Tenants in Tribal housing are entitled to quiet enjoyment of their premises.161

The Band and the tenant must comply with the terms of the eviction process.162

Failure to pay rent owed to the Tribal housing department is not excused by alleged defects in the home or lack of repairs completed by the Tribe.163

K. § 11 Judgments

§ 11.01 Garnishment; Attachment

Under laws of agency, when an agent is in possession of goods of the principal, it is ordinarily proper for a creditor (judgment creditor, state court friends of court, etc.) to institute garnishment or attachment proceedings against the agent.164

§ 11.02 Indian Claims Commission Judgment Distribution Funds

Judgment funds distributed from the Indian Claims Commission proceeds obtained under P.L. 105-143 may be attached or garnished to satisfy state court judgments.165

§ 11.03 Child Support

The Tribal Council has legislatively recognized the public policy interest in assuring that children receive support from their respective fathers.166

L. § 12 Individual Rights

§ 12.01 Due Process

Due process requires at a minimum that there is a hearing with notice.167

Greater due process protections depend on the right being affected.168

Property rights are protected by the due process provision of the Constitution.169

§ 12.02 Agency Action

Fairness in administrative hearings can be instilled by requiring that: (1) judicial discovery tools be made available to grievants; (2) grievants be advised that they may be represented by counsel at their own expense; and (3) grievants be given a reasonable amount of time to secure the services of counsel if they wish to be represented.170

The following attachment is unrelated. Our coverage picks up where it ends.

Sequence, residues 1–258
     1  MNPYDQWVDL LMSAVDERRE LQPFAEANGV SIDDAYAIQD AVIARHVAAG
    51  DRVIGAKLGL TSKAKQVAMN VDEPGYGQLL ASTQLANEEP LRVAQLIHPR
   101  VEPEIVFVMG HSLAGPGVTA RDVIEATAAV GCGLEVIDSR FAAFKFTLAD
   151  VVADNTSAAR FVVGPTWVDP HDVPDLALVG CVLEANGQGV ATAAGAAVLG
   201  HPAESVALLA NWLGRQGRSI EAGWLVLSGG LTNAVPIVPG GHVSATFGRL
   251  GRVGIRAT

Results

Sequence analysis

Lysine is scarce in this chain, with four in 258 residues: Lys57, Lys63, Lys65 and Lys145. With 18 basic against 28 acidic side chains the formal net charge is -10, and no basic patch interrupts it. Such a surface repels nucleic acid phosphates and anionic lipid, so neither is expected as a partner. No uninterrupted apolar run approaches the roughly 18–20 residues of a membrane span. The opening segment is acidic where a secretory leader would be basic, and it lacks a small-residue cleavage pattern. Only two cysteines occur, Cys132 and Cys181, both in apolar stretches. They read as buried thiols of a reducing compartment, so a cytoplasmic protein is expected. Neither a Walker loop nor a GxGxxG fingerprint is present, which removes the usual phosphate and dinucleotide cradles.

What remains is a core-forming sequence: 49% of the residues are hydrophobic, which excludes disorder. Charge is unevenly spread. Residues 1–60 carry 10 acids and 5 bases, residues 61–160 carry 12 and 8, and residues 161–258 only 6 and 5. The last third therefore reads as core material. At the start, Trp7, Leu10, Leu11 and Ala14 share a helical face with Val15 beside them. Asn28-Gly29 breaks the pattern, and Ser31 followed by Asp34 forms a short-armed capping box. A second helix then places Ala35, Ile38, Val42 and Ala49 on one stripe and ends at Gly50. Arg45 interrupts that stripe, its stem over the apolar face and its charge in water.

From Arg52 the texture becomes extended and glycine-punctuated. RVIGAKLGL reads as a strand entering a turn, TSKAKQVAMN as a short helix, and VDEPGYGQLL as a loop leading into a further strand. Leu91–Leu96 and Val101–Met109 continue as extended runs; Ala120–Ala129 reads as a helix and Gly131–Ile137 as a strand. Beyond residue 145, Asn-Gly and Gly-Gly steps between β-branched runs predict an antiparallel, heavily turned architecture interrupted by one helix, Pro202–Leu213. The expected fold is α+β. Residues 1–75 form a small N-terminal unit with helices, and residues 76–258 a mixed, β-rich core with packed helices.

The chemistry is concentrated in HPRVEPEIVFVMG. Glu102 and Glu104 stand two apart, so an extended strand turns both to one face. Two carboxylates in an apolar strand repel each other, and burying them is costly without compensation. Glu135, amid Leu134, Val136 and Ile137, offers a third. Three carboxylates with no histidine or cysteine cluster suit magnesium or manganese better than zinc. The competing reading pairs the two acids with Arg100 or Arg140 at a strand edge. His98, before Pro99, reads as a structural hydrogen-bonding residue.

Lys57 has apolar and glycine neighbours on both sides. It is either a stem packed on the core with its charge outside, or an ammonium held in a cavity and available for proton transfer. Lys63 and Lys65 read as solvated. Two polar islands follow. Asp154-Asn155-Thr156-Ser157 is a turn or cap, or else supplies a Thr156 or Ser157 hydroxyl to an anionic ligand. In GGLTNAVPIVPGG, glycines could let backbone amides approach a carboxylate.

Agency time limits on the right to appeal must be express and a matter of public record.171

Whether a party may be represented by counsel and whether discovery is available during the administrative process are factors to consider in determining whether the agency provided due process of law.172

§ 12.03 Equal Protection

§ 12.03[A] Wrongful Termination

Constitutional claims that arise within the context of a personnel matter must first be presented at the administrative level.173

§ 12.03[B] Gender Discrimination

In order to prove gender discrimination, a discharged female employee must show that she was treated differently than a similarly-situated male employee.174

A female Tribal officer in the 1990s and a male Tribal officer in the 1980s are not similarly situated where motor vehicle insurance companies altered their requirements to insure Tribal officers in the intervening time period.175

§ 12.04 Nonmembers

Article X of the Constitution does not apply to nonmembers.176

M. § 13 Probate

Uncontested wills will be accepted as valid.177

N. §14 Property

§ 14.01 Communal Ownership of Tribal Lands

All of the land owned by the Grand Traverse Band belongs to the Tribe as a whole.178

Individual Tribal members do not have an absolute right to Tribal land. There is not enough land for each Tribal member to have a “share” for their personal use.179

Almost all of the historical Tribal lands of the Grand Traverse Band were dispossessed and, as a result, the modern day land base of the Tribe is very limited.180